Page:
Friends in the Great Outdoors
Friends in the Great Outdoors
What’s your preference for a wilderness trip, going solo or in a group? Wanting to be alone or in a group depends on your personality, the time allocated to your trip, your wants and needs, your experience and goals, etc. One thing is for sure, a majority of people would rather go in a group, especially with friends. However, it’s beneficial to highlight a few pros and cons before making this choice.
The safety of a group. In a considerable measure, traveling in a group is safer. It’s true for most things in life since we are a collaborative, gregarious species. If one group member is injured, that’s OK, the group might be able to take care of that person. A group is less likely to be attacked by wild animals. In bear country, the Canadian government recommends hiking in a tight group of four or more. The same goes for expedition canoeing, if a canoe is lost in a rapid, having other canoes to salvage the canoe or reach for help tremendously increases the survival odds for the party. On the downside, a group will do nothing for safety with one or more inexperienced or unskilled members. In fact, inexperienced group members might put everyone else at risk.
Reaching higher goals. It’s commonplace to mention the “strength in unity” of an outdoor party. It’s still a reality: the highest mountains are climbed by teams, not by solo individuals. The loftier the goals, the stronger the team needs to be. At the same time, during the trip, your own goals might not be shared by all party members. Group safety should come first, before your wants and desires.
Simplified logistics and costs. You will have less to carry in your backpack since the load will be shared equally. The trip logistics may also become cheaper. Maybe only one shuttle to book, which cost could be shared. Unfortunately, the opposite could be true as well. Group logistics means the agenda of many people have to be accommodated. Every booking can become much more complex and lengthy.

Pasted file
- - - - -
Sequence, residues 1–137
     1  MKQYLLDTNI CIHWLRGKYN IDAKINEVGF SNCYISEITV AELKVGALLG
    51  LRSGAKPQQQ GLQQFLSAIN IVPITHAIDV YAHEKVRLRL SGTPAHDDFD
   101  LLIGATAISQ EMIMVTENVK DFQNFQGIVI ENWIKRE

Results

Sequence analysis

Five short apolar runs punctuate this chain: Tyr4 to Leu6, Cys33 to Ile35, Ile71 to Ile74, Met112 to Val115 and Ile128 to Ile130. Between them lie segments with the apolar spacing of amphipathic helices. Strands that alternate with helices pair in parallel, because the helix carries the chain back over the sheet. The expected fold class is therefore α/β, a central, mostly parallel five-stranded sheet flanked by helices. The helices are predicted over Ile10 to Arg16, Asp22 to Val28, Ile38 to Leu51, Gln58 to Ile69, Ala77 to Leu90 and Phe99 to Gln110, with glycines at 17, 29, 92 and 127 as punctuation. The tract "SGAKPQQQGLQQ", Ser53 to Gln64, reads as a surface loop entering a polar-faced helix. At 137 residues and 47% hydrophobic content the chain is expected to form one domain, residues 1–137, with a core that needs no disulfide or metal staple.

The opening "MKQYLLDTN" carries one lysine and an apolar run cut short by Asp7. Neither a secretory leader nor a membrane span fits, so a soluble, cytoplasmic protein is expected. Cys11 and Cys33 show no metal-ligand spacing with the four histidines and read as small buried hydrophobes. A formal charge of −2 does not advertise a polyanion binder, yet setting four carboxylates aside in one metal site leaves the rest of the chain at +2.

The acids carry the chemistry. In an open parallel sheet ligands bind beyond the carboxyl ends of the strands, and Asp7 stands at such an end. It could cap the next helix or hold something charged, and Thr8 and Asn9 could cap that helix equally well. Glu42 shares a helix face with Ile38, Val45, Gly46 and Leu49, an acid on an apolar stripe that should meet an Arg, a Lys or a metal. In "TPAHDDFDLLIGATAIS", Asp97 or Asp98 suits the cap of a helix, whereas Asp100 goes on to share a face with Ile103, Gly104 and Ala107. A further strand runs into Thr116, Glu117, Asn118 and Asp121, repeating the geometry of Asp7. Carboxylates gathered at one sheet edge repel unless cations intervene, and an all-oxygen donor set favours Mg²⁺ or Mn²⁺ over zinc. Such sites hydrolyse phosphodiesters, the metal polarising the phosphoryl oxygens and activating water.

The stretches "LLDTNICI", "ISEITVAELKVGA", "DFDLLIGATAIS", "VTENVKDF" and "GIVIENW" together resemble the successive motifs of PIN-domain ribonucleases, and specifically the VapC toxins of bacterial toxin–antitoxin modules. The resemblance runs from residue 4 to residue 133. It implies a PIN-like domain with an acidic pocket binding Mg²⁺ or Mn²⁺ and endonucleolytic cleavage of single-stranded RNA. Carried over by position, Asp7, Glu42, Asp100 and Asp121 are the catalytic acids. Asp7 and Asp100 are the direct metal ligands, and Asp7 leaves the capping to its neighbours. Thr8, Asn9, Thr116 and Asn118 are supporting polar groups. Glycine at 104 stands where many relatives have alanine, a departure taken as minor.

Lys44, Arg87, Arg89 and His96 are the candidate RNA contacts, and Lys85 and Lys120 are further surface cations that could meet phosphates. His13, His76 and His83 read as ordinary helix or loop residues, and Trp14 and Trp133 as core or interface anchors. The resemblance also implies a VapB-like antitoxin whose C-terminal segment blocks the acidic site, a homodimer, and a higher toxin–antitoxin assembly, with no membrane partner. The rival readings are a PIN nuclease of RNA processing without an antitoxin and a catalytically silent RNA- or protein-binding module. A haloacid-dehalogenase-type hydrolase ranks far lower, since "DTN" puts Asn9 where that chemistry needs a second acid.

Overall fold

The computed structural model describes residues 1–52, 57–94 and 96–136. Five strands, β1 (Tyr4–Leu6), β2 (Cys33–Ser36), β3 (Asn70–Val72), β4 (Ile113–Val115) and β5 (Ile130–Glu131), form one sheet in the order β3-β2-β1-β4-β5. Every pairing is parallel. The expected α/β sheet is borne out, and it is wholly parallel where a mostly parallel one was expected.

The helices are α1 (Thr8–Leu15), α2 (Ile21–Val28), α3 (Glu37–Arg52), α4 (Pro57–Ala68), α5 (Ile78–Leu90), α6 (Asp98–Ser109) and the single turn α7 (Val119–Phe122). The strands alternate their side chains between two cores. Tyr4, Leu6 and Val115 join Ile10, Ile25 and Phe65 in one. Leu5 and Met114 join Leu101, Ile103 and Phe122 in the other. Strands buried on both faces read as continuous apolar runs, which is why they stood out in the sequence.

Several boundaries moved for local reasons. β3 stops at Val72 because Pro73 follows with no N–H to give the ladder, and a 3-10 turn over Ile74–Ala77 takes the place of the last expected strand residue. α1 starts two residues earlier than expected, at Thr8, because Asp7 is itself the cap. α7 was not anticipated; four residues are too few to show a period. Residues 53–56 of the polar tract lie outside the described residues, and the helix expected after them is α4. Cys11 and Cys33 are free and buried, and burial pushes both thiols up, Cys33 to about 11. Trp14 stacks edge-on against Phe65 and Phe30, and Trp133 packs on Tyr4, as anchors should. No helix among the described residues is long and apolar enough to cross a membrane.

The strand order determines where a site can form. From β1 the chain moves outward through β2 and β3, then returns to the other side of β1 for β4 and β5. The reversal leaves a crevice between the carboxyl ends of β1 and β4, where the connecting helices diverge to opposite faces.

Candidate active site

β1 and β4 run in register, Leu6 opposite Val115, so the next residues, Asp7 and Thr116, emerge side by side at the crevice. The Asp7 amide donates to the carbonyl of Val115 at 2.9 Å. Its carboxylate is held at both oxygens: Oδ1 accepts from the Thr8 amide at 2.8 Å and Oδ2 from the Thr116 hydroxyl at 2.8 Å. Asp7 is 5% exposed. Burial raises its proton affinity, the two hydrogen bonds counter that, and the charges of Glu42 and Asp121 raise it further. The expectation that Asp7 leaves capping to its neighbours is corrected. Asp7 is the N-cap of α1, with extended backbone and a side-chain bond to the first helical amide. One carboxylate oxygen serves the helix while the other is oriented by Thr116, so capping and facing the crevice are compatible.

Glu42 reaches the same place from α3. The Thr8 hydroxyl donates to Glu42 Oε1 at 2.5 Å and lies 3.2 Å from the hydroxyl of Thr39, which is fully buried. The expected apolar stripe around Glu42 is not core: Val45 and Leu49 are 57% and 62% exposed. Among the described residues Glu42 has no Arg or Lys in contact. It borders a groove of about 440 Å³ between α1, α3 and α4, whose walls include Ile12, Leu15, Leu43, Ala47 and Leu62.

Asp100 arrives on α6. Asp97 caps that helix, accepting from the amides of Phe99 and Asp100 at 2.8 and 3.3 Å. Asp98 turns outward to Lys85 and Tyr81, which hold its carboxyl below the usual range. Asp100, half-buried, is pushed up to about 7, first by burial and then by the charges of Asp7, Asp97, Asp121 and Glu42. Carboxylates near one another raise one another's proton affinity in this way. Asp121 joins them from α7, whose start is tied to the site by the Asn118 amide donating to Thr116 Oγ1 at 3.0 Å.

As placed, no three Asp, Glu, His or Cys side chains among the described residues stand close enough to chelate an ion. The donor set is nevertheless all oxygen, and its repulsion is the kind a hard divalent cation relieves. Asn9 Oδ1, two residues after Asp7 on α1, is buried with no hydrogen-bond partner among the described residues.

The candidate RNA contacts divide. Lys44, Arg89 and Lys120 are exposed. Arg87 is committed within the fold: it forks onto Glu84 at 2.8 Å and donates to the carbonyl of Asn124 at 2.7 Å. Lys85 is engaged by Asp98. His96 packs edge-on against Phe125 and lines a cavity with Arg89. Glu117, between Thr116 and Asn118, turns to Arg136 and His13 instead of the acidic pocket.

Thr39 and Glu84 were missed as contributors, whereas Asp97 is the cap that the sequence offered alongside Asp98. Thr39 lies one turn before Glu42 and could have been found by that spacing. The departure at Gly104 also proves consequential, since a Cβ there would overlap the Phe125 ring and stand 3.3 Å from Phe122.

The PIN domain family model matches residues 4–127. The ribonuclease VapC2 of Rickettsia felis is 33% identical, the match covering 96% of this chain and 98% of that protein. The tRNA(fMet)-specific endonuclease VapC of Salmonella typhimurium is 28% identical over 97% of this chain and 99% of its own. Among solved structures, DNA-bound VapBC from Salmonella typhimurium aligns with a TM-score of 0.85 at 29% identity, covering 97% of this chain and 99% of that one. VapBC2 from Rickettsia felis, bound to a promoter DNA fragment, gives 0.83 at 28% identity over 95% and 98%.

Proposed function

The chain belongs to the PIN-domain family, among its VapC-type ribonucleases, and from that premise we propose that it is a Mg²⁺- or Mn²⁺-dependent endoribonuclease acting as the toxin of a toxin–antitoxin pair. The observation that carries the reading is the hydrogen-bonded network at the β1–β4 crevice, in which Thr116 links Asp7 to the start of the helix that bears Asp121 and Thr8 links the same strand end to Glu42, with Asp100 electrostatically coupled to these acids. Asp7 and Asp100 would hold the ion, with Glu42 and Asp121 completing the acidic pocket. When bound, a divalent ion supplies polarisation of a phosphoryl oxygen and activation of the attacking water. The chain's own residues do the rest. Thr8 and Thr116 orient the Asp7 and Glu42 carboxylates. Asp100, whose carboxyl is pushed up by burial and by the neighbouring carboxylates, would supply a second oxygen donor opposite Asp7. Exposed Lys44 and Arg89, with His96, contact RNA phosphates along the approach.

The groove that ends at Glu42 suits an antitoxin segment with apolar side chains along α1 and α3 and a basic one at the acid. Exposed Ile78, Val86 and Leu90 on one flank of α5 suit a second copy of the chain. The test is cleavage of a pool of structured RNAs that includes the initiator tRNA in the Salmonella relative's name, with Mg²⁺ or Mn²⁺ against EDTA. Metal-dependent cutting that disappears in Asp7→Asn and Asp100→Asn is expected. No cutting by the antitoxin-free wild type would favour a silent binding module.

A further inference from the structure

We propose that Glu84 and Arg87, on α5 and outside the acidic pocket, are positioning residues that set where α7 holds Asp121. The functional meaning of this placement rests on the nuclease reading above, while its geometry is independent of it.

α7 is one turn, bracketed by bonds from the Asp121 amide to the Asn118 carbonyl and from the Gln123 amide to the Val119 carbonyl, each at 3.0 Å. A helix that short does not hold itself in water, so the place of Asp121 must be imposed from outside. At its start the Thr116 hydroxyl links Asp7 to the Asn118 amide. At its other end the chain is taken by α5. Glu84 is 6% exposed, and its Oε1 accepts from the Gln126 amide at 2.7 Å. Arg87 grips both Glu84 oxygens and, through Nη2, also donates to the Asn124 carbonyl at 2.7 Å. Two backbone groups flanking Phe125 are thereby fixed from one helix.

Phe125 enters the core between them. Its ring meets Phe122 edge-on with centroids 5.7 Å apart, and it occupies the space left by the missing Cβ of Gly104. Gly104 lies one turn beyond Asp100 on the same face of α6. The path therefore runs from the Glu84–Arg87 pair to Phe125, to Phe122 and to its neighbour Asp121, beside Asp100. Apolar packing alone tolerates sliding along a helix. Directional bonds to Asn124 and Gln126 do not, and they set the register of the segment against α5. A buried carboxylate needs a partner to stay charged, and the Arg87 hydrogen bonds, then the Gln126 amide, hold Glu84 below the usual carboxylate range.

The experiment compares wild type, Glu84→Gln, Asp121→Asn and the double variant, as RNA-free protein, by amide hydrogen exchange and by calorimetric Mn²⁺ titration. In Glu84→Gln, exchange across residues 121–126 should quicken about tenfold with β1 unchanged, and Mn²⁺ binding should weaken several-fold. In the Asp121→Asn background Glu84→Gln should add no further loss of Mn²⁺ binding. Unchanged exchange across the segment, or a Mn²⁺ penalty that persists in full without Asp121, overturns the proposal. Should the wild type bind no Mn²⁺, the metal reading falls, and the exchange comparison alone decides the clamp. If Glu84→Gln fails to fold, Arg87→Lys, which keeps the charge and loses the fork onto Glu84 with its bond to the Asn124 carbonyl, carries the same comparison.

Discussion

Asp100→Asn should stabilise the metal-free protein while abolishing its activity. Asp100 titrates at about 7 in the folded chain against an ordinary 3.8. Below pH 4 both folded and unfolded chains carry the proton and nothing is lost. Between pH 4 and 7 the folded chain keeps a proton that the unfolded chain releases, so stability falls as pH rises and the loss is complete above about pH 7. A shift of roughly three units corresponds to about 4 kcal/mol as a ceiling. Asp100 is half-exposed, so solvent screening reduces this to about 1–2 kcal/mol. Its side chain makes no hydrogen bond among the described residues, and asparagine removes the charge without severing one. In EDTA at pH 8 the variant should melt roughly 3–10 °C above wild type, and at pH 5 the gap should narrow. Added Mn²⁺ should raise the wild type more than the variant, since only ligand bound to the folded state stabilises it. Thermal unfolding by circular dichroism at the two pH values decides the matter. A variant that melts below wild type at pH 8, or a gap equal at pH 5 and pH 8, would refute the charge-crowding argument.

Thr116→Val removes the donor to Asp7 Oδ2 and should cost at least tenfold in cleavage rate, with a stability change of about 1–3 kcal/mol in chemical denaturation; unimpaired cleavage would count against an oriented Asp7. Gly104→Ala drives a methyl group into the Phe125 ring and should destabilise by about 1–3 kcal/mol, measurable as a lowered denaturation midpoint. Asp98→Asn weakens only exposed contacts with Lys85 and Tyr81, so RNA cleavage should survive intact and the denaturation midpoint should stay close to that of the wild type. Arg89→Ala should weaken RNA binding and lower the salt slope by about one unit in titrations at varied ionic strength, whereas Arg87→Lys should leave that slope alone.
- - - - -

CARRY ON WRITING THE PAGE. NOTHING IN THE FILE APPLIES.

Friendships and the adversity of the trail. Trips in the Great Outdoors are often memorable experiences. And if you travel with acquaintances, they may very well become true friends at the end of the trip. Conversely, starting a trip with long-time friends at the beginning may lead you to have no friends at the end. Adversity l can make for a great bonding experience, but tiredness, lack of personal space and comfort, and chores can also bring tensions among group members.
How to choose the right partners for your trip? Someone of the same age with the same interests is preferable on self-directed trips. Trip partners should have similar traveling styles and expectations. If they are already your friends it should be easy. However, if they are just acquaintances, always ask them very specific questions well before the trip: try to know about their traveling pace and their goals, and ask them about potential health problems they may have, or prescription drugs they are taking. Compatibility is a requirement for a successful Great Outdoors traveling partner.